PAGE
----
Furor Over Colorado Bill to Give Secret Service Agents Police Powers

By:  Bob Adelmann
04/08/2013
       
Furor Over Colorado Bill to Give Secret Service Agents Police Powers

A Colorado bill has caused a furor because of fears that it could be used by Secret Service agents to arrest sheriffs who refuse to enforce unconstitutional gun controls.

Colorado Governor John Hickenlooper is expected to sign into law a bill that would give the U.S. Secret Service "limited" police power while operating in the state of Colorado. The bill, SB 13-013, which has already been passed by both the Colorado House and Senate, has sparked a firestorm of controversy because of fears that the proposed power could be used by Secret Service agents, acting on behalf of the Obama administration, to arrest sheriffs in Colorado who refuse to enforce unconstitutional federal gun controls.

Just such a scenario of federal overreach was expressed by Colorado state Representative Lori Saine, who was quoted on March 29 by World Net Daily exclaiming:

This is insane! In theory if a Secret Service agent is in a county where the sheriff has refused to enforce some of the recent unenforceable gun laws, the agent could [ignore the sheriff entirely and] arrest any individual if he believes the law has been broken....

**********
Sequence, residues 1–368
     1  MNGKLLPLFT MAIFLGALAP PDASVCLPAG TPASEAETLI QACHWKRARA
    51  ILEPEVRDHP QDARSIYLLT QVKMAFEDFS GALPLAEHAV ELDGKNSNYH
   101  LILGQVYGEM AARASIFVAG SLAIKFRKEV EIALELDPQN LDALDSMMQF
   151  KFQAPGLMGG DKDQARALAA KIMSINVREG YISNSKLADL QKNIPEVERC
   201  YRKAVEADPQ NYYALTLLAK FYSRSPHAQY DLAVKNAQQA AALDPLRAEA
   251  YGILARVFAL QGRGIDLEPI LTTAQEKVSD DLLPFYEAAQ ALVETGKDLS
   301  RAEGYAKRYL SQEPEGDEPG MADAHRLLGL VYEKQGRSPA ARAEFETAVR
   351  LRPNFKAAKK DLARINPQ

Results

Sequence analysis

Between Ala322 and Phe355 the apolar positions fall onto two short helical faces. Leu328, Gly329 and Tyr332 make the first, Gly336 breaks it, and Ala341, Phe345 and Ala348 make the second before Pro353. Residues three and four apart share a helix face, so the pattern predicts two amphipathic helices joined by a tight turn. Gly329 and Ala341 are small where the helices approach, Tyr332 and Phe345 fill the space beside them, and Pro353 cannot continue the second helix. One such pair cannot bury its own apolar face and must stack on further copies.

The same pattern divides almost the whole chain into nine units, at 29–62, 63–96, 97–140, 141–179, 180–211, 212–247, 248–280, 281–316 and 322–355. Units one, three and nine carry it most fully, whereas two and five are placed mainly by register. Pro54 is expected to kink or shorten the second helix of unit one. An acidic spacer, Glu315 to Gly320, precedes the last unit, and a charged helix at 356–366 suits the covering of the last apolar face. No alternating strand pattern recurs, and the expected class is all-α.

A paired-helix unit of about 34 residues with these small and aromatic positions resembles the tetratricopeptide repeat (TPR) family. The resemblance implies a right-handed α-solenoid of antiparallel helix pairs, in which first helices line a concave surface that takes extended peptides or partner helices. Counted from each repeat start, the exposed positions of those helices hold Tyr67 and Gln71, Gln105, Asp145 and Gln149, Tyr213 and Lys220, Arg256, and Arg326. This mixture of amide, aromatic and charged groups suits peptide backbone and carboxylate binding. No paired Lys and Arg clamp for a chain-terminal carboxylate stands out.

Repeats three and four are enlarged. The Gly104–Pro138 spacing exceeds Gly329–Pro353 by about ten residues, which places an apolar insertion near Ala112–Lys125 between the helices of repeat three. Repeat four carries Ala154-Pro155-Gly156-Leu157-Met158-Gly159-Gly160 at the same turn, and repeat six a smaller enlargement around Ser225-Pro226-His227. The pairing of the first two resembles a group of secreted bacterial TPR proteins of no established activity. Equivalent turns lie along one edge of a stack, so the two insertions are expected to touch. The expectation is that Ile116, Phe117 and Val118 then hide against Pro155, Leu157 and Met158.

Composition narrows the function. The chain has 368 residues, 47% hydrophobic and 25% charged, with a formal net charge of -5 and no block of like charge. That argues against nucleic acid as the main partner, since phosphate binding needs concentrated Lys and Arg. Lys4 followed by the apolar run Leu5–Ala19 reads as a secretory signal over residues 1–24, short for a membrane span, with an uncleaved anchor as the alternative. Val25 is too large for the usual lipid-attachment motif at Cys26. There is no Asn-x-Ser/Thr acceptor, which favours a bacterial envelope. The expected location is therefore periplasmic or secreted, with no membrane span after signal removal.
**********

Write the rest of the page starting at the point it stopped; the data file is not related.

I believe it is intended to be used for setting up a framework so that at some other time they could expand it to possibly include being able to arrest a sheriff who is refusing to enforce unconstitutional laws.

Charley Barnes, at K99.com in Denver, further fanned the controversy within Colorado when he observed on April 1:

By the sounds of it, Colorado is being targeted with an attempt to set up loopholes that will allow the U.S. Secret Service to arrest and remove an elected sheriff for refusing to enforce the law, or anyone [else] breaking the law.

His post went viral, fostering so many phone calls and emails to the Larimer County Sheriff’s office that Sheriff Justin Smith, who does not share Barnes' view, was forced to respond and “clarify” what, he say, SB 13 is really intended to accomplish. Here is Smith’s response to Barnes:

Click here to read the entire article.

Photo of U.S. Secret Service agents: AP Images

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